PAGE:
Compare roles in health

Not sure where to start with the hundreds of NHS careers? Use our compare roles section to get bite-size information on the entry requirements and training, pay and conditions, prospects and skills needed of up to three roles. If there is something that you think you could do, then get more in-depth information on the role.

Don't forget, you can also save your role comparisons by registering with us.  

  1. Health records staff

    Health records make sure that vital patient information is recorded and stored accurately so their frontline colleagues can access it at any time and at any place. 

    There are no set entry requirements for health records staff. Employers usually expect good literacy, numeracy and IT skills. They may ask for GCSEs or equivalent qualifications. For some jobs, employers may ask for other skills or qualifications such as word processing or data entry. You may be able to enter through an apprenticeship. You will get the training you need to do the job and may be offered the chance to take qualifications from organisations such as AMSPAR, BSMSA and IHRIM
    Health records staff in the NHS work standard hours of around 37.5 a week. Some may work shifts, which could involve early starts, evenings and weekends. NHS staff working in health records will usually be paid on the Agenda for Change pay system. In health records you could start on AfC band 2 and with further training and qualifications, progress to posts at AfC band 5 and higher. Health records staff outside of the NHS will have different terms and conditions of service.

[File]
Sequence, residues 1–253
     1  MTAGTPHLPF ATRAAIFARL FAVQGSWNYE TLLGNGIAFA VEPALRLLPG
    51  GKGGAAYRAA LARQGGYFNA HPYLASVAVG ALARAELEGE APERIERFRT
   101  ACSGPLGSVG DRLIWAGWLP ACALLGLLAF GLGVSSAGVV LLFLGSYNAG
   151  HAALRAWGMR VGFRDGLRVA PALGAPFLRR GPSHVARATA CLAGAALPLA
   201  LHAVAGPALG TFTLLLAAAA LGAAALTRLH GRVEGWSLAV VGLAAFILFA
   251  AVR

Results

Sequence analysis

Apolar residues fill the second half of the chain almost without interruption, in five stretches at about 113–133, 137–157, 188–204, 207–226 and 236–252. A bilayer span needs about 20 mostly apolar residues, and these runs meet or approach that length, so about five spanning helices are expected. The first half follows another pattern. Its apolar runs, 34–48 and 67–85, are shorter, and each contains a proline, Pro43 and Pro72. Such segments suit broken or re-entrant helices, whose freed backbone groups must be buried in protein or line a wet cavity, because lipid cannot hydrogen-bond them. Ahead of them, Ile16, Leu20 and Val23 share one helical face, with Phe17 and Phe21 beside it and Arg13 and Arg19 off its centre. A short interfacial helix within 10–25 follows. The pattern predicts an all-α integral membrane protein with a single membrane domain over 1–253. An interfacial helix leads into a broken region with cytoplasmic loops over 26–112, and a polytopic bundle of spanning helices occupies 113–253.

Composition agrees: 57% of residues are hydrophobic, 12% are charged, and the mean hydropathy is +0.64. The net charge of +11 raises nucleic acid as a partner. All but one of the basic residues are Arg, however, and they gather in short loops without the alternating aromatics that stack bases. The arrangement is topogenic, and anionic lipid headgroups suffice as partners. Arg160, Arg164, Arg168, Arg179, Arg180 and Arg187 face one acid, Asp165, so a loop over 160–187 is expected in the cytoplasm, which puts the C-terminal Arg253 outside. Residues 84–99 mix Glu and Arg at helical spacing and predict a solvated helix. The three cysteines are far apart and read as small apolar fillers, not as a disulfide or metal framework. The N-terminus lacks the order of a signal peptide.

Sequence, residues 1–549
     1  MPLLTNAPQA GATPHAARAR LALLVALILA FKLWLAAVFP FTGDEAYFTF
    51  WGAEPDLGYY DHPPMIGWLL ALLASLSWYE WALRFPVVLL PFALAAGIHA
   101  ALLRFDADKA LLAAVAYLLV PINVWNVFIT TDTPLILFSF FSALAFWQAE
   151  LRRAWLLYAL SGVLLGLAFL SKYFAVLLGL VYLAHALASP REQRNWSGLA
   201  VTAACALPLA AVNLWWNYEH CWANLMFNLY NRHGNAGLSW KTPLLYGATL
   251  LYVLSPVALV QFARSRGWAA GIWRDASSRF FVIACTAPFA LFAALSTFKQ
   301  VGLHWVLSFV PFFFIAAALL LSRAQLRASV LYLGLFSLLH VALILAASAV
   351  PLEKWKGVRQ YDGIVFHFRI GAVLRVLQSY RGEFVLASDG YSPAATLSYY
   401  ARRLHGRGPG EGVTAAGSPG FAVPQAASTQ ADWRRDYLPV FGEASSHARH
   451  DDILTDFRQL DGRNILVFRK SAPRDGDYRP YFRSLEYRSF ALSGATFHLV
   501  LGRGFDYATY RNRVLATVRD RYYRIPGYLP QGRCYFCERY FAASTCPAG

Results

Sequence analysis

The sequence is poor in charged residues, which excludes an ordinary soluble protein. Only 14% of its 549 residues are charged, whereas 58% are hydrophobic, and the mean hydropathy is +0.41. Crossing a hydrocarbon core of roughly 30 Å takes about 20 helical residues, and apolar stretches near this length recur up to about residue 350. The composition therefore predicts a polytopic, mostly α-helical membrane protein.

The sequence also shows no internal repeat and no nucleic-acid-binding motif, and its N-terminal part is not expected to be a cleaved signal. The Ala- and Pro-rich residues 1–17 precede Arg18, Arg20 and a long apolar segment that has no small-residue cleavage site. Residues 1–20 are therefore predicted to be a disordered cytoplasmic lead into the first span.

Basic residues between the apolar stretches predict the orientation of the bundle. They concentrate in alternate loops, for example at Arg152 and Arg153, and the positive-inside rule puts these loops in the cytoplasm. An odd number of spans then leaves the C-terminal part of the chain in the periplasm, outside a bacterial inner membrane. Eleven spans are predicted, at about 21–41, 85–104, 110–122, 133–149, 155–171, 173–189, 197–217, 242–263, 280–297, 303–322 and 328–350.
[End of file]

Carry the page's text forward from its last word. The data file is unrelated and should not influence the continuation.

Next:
To work in health records staff, you'll need to be accurate and methodical, able to work in a team but use your own initiative, willing to follow instructions and procedures, able to work with all types of people, be confident using the phone. You'll need good organisational, IT and customer service skills
    With experience, you could become a team leader, coordinating the work of a team of health records staff. With further experience, you could become a manager, responsible for the work of a health records department. Some health records staff move into more specialist roles such as medical secretary or PA. Others move into areas such as finance or HR. You may also have the opportunity to move into informatics, specialising in electronic data, or into IT.
Make a comment or report a problem with this page

Help us improve